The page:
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Publication numberUS4812018 A
Publication typeGrant
Application numberUS 07/174,309
Publication dateMar 14, 1989
Filing dateMar 28, 1988
Priority dateMar 26, 1987
Fee statusPaid
Publication number07174309, 174309, US 4812018 A, US 4812018A, US-A-4812018, US4812018 A, US4812018A
InventorsShunsuke Kobayashi
Original AssigneeFuji Photo Film Co., Ltd.
Export CitationBiBTeX, EndNote, RefMan
External Links: USPTO, USPTO Assignment, Espacenet
Liquid crystal display element having alignment film formed of plasma-polymerized acetonitrile
US 4812018 A
Abstract
A liquid crystal display element which comprises a pair of transparent electrode bases, each comprised of a transparent electrode, an alignment layer on each of the bases, the bases facing each other with the alignment layer thereof being inside, and a liquid crystal sealed between the bases, in which at least one of the alignment layers is formed by plasma polymerization of acetonitrile.
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Claims(8)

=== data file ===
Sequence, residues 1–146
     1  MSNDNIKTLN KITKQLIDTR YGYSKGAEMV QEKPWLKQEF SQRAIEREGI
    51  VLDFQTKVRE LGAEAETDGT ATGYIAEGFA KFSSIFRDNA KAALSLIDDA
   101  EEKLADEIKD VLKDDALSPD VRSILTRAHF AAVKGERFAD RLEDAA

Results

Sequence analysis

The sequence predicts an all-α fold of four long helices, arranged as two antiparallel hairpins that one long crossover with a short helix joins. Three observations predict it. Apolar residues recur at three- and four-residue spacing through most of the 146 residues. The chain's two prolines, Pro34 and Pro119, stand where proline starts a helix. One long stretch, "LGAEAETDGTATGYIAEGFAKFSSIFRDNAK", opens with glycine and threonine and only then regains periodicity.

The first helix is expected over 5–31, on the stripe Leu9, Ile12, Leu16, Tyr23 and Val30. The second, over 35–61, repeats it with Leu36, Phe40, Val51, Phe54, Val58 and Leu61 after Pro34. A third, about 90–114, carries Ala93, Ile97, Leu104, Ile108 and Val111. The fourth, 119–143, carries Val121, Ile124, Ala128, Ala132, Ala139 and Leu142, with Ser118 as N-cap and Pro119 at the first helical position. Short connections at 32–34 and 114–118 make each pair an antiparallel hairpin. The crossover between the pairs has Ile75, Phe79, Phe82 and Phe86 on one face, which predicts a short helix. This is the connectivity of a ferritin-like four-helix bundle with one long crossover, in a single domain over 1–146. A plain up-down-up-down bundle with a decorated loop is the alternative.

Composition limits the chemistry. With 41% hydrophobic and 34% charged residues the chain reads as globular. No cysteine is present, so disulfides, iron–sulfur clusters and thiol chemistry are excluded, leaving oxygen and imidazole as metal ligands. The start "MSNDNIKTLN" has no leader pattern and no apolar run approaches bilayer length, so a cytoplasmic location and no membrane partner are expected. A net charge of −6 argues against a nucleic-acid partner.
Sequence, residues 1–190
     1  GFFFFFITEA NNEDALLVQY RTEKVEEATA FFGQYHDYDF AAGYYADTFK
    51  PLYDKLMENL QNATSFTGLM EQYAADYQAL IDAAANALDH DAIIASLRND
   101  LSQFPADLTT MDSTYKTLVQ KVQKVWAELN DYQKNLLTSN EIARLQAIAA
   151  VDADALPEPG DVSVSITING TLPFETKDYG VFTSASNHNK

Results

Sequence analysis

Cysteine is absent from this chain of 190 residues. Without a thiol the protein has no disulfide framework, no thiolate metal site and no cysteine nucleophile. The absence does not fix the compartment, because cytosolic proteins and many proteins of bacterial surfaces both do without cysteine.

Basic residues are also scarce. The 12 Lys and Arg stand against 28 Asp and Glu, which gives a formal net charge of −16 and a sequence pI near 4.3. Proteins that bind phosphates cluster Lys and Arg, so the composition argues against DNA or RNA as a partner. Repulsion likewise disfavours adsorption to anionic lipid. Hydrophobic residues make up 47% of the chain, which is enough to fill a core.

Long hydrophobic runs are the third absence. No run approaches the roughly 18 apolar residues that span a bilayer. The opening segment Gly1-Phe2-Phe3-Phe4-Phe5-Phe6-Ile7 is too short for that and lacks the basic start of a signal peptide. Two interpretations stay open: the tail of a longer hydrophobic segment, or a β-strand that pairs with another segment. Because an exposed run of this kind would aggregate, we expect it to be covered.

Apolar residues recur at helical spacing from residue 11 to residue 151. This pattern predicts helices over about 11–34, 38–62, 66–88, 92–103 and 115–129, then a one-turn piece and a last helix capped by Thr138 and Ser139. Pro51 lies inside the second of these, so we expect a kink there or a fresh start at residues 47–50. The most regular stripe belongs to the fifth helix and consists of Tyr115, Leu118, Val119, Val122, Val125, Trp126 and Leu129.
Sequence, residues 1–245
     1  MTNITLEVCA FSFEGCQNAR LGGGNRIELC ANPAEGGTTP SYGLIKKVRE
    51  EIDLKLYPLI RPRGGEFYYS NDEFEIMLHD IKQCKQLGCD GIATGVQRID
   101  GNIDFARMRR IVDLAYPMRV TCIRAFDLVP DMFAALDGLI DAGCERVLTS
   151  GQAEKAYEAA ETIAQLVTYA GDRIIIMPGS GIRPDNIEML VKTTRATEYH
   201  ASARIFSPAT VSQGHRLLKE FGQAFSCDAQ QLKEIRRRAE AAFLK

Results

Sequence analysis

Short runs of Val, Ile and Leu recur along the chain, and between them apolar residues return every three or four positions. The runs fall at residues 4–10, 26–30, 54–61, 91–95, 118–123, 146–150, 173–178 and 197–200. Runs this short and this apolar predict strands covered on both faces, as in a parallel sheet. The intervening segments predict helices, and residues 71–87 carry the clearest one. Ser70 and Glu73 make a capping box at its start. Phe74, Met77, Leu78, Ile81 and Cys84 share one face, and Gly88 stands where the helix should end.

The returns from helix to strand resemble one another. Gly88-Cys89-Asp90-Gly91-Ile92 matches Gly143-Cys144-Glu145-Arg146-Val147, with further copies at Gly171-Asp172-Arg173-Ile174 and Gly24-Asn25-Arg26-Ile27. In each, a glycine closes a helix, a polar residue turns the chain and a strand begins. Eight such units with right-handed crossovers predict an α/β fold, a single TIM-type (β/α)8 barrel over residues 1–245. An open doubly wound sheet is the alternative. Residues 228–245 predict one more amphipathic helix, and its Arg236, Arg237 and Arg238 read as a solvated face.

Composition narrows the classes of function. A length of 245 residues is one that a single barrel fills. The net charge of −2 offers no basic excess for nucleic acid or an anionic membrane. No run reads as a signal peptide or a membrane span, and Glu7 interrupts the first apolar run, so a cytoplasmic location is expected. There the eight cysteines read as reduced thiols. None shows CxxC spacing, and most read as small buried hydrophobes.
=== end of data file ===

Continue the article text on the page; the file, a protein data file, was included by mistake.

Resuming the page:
What is claimed is:
1. A liquid crystal display element which comprises a pair of transparent electrode bases, each comprised of a transparent electrode, an alignment layer on each of the bases, said bases facing each other with the alignment layer thereof being inside, and a liquid crystal sealed between the bases, in which at least one of the alignment layers is formed by plasma polymerization of acetonitrile.
2. A liquid crystal display element as claimed in claim 1, wherein said alignment layer formed by plasma polymerization of acetonitrile has a thickness of from about 1000 Å to about 6000 Å.
3. A liquid crystal display element as claimed in claim 1, wherein said element further comprises an insulating layer between the plasma polymerization film and the transparent electrode.
4. A liquid crystal display element as claimed in claim 3, wherein said alignment layer formed by plasma polymerization of acetonitrile has a thickness of from about 100 Å to about 1,000 Å.
5. A liquid crystal display element as claimed in claim 3, wherein said liquid crystal is a ferroelectric liquid crystal.
6. A liquid crystal display element as claimed in claim 3, wherein said insulating film is comprised of an organic polymer or an inorganic material.
7. A liquid crystal display element as claimed in claim 1, wherein said liquid crystal is ferroelectric liquid crystal.